Because I was inspired by creating something associated with graffiti and then onto the skate scene (Because you tend to see graffiti in skateparks) I wanted to somehow incorporate graffiti into my garments. At first I had the idea of getting my design that I digitally painted on the Sketchbook App for iPad professionally laser printed, but then it occurred to me that this would perhaps be to costly and it just weren't worth it. If my career was a fashion designer and hopefully it will be then yes, but not for my Foundation year. A much cheaper option was photo transfer paper, which I think was £3.00 from ASDA? It's really simple to use, you print your design as normal onto the the plain side of the paper (Grid design on opposite side of paper) Cut around you image, not exact but quite close few millimetres gap is fine, face the image down on the material and at the highest temperature possible iron over it for 60-90 seconds in consistent circular movements. Wait a few minutes and carefully peal top layer off, not too fast and not too slow. REMEMBER: If you're incorporating text you have to flip horizontally otherwise it'll read backwards. It was hard to get the colours right because the material was so dark, if I experimented first before buying the one and a half metres this would have changed for the better. But like I said, it's a four week project. I though spray paint would be a good idea, but that failed miserably haha.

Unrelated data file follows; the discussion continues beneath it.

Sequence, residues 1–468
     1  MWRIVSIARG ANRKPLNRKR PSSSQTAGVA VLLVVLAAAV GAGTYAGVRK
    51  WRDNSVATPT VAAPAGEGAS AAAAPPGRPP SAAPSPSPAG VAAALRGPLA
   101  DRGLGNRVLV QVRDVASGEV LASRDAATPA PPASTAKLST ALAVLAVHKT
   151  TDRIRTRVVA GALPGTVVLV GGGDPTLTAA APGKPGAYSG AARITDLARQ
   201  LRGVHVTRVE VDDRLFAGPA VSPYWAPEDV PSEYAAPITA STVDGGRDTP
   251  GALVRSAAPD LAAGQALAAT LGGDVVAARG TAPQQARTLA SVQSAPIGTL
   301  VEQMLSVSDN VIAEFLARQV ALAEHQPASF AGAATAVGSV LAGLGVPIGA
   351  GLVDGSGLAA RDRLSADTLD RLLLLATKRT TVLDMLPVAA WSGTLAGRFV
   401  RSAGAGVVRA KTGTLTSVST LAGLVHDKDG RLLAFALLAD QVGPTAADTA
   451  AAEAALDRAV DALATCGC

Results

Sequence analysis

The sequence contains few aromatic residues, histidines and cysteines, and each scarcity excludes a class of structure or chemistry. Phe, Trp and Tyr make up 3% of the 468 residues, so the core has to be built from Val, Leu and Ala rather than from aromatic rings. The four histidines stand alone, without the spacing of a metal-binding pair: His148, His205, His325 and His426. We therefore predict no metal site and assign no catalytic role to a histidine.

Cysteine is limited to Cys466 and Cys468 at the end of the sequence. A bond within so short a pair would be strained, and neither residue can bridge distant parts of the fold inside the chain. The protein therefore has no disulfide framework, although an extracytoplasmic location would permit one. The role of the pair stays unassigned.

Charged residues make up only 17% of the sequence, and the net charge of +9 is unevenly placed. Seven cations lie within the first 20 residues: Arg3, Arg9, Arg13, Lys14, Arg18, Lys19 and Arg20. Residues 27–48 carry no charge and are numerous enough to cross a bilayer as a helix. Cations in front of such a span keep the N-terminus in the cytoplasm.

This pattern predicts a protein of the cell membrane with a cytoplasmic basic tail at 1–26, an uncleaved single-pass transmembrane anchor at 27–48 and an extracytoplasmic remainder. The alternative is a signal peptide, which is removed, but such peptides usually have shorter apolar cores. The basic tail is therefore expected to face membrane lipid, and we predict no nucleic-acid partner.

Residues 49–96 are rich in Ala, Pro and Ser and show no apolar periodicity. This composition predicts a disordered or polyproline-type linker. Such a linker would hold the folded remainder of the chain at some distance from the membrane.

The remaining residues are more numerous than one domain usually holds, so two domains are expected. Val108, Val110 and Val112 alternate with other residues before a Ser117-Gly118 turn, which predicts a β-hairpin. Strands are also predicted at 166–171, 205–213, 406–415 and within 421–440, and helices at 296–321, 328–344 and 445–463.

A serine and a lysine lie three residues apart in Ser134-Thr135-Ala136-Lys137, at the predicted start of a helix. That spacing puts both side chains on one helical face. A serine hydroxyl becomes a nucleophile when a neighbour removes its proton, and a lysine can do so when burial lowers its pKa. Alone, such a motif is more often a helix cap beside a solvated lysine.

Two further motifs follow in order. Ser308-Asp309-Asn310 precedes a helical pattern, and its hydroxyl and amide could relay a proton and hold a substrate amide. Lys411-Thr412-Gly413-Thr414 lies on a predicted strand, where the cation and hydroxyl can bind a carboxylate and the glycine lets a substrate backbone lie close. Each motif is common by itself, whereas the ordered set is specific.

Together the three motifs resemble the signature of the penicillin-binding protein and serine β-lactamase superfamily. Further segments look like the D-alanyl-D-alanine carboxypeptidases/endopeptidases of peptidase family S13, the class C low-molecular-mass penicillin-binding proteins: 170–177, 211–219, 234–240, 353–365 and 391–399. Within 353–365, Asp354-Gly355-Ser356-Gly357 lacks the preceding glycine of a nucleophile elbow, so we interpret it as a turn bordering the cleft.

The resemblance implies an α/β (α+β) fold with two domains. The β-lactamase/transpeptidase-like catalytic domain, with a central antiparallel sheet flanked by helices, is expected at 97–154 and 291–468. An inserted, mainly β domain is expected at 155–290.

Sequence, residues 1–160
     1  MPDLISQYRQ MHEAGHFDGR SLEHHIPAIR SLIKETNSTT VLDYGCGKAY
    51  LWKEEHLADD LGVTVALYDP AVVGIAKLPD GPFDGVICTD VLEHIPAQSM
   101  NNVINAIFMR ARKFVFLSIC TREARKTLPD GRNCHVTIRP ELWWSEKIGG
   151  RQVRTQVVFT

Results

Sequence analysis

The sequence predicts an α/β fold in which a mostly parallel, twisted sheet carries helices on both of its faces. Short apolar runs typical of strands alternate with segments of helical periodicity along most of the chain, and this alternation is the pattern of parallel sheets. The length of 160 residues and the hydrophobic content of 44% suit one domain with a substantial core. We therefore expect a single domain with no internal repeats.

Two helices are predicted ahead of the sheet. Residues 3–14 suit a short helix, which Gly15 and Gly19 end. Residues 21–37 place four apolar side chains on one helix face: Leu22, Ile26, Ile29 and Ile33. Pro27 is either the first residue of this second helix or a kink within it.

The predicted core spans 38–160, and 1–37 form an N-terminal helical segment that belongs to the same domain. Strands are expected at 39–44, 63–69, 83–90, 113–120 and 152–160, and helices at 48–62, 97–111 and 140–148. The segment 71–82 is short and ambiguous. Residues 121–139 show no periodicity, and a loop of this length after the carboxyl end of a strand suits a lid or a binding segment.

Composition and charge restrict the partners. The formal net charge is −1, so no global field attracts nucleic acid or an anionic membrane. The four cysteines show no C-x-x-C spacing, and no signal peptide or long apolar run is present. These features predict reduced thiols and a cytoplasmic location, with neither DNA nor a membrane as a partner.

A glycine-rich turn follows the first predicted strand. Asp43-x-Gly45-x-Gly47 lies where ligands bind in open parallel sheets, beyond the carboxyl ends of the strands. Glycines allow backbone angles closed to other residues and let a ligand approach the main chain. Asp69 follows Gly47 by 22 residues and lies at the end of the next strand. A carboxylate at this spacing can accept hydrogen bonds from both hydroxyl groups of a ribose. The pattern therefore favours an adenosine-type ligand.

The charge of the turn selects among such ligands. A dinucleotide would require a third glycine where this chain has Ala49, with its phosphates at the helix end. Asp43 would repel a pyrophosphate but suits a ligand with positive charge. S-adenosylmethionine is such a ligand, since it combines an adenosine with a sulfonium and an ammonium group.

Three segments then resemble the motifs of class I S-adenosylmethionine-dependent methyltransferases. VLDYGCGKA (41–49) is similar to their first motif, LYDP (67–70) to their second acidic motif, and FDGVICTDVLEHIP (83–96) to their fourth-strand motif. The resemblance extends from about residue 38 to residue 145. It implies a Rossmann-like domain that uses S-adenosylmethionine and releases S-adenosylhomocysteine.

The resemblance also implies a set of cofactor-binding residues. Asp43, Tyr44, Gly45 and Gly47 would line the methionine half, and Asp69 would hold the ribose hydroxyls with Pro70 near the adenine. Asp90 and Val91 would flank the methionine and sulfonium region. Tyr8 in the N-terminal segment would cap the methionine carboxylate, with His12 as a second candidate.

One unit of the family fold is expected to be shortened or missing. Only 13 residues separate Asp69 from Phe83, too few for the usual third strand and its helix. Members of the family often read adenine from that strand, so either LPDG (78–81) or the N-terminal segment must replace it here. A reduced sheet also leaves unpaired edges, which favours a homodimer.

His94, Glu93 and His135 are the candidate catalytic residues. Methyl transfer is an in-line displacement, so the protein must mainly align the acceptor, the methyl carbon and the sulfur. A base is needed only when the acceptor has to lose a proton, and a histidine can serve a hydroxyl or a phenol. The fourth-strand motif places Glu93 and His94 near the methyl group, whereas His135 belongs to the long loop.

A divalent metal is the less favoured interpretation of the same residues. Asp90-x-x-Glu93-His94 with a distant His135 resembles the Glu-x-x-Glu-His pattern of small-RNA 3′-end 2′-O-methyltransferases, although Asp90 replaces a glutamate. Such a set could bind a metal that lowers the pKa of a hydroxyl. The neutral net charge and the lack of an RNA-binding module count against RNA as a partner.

Design Sketches